Engineering of robust and safe microbial cell factories requires genetic tools somewhat different from those traditionally used for laboratory-adapted microorganisms. We took advantage of the properties of broad-host-range mini-Tn5 vectors and two regulated expression systems (LacIQ/Ptrc and XylS/Pm), together with FRT-flanked, excisable antibiotic resistance determinants, to generate a set of vectors for the delivery of gene(s) into the chromosome of Gram-negative bacteria. This arrangement of modular elements allows the cloning and subsequent markerless insertion of expression cargoes and leaves behind an antibiotic-sensitive host upon the action of the yeast Flp recombinase. We engineered a Pseudomonas putida KT2440 Pm:: gfp strain that displayed strong fluorescence upon exposure to 3-methylbenzoate, a XylS effector, and allowed us to examine the performance of the Pm promoter at the single cell level. We also reconstructed a device for sugar transport and phosphorylation in Escherichia coli independent of the native phosphoenolpyruvate-dependent phosphotransferase system by the stable implantation of genes derived from the obligate anaerobe Zymomonas mobilis. In both cases, the information carried by the implanted genes was stably inherited in the absence of any selective pressure. Deliverable expression systems such as those described here will enhance the applicability of various Gram-negative bacteria in biocatalysis and environmental bioremediation.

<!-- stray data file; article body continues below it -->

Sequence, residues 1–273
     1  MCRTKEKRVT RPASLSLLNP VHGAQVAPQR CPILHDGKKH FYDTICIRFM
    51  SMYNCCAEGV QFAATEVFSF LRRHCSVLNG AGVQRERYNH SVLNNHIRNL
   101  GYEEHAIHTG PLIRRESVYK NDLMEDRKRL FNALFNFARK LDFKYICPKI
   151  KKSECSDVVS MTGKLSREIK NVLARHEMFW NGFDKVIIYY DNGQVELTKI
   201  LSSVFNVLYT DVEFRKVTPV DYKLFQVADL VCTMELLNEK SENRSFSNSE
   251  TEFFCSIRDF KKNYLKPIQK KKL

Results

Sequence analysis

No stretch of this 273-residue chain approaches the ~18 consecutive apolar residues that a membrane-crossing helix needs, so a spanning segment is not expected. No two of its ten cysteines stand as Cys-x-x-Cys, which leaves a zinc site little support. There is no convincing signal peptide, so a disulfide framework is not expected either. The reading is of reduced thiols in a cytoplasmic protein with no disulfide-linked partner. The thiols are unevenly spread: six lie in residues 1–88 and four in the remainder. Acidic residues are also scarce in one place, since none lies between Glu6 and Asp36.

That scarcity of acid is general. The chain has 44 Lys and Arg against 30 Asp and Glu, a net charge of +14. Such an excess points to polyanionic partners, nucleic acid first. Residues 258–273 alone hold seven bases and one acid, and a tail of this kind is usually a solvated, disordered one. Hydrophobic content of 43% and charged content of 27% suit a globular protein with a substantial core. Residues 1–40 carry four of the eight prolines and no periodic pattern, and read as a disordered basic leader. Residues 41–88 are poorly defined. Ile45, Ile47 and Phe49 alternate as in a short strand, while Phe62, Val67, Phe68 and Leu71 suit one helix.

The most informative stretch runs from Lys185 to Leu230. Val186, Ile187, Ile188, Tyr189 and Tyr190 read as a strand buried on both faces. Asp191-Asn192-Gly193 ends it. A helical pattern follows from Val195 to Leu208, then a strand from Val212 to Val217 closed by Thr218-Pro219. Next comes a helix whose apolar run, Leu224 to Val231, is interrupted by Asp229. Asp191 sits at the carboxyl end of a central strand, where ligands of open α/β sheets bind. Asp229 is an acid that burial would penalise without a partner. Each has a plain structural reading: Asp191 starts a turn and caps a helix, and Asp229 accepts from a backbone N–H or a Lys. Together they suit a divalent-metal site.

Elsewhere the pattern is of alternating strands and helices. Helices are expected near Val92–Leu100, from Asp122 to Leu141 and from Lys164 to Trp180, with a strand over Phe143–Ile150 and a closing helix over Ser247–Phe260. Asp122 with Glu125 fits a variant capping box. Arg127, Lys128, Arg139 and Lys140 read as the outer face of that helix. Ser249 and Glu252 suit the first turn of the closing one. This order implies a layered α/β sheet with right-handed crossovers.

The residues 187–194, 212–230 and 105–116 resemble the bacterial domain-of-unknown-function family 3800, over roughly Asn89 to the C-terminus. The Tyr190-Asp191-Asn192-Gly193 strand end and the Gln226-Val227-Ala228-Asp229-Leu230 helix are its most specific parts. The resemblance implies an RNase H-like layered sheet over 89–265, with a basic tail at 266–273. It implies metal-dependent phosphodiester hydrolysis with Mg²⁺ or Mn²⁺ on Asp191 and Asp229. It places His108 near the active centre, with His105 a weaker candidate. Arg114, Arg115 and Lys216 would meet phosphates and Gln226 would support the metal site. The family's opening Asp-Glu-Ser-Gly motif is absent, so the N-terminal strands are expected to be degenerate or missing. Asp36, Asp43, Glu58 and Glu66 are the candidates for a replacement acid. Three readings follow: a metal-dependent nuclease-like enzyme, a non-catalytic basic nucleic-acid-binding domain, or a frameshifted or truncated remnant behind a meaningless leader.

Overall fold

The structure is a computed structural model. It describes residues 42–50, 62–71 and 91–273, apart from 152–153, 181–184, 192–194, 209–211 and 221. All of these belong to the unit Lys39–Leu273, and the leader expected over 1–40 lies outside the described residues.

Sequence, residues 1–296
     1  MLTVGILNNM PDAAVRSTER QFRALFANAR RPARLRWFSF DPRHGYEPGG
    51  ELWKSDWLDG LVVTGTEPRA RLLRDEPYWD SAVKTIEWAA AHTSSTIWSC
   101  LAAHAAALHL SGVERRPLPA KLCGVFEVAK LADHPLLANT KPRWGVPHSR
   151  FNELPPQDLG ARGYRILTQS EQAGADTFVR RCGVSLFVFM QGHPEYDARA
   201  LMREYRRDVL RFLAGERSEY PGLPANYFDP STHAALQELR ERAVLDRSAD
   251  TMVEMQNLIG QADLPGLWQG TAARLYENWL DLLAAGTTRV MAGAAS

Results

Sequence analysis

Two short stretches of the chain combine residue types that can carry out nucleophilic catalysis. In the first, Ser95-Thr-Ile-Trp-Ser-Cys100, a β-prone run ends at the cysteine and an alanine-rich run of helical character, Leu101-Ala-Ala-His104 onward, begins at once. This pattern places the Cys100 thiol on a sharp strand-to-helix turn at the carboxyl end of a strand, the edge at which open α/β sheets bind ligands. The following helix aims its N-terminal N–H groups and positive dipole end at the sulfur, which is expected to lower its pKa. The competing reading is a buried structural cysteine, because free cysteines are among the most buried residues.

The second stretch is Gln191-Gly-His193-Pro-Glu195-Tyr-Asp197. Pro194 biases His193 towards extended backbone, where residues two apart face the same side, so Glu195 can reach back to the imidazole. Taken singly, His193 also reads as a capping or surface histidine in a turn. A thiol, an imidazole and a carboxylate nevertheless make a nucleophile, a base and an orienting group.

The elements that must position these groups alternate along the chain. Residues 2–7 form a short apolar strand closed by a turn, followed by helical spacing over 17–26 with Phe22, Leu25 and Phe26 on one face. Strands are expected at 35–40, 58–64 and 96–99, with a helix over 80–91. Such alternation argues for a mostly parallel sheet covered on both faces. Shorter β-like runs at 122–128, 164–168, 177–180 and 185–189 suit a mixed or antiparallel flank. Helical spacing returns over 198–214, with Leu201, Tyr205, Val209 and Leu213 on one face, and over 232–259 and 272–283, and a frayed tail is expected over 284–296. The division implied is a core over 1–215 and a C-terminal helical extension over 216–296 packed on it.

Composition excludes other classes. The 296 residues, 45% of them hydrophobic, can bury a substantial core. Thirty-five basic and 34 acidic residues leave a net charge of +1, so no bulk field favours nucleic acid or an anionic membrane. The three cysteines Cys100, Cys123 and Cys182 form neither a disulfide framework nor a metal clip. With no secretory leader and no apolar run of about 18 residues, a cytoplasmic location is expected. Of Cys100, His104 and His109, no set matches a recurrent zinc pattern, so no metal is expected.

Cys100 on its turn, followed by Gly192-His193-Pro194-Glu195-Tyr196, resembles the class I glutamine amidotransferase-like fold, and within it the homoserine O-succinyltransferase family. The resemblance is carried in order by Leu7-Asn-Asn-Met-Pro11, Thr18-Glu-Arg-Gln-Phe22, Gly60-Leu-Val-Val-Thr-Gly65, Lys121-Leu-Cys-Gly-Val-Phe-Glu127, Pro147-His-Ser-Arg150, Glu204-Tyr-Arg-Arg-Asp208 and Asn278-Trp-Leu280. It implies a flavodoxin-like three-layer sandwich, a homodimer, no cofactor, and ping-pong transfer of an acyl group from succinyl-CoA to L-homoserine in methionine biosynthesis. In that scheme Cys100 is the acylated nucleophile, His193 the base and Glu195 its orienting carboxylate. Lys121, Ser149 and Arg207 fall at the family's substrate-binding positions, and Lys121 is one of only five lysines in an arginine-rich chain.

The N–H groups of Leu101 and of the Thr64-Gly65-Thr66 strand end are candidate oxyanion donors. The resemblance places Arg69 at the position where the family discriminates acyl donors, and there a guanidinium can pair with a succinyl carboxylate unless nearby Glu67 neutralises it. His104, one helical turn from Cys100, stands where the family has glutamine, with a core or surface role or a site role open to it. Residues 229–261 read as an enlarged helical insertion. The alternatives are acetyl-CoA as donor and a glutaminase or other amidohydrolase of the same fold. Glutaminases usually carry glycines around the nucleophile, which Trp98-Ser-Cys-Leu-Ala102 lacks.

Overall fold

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- Chromosomal insertion
- Mini-Tn5 transposon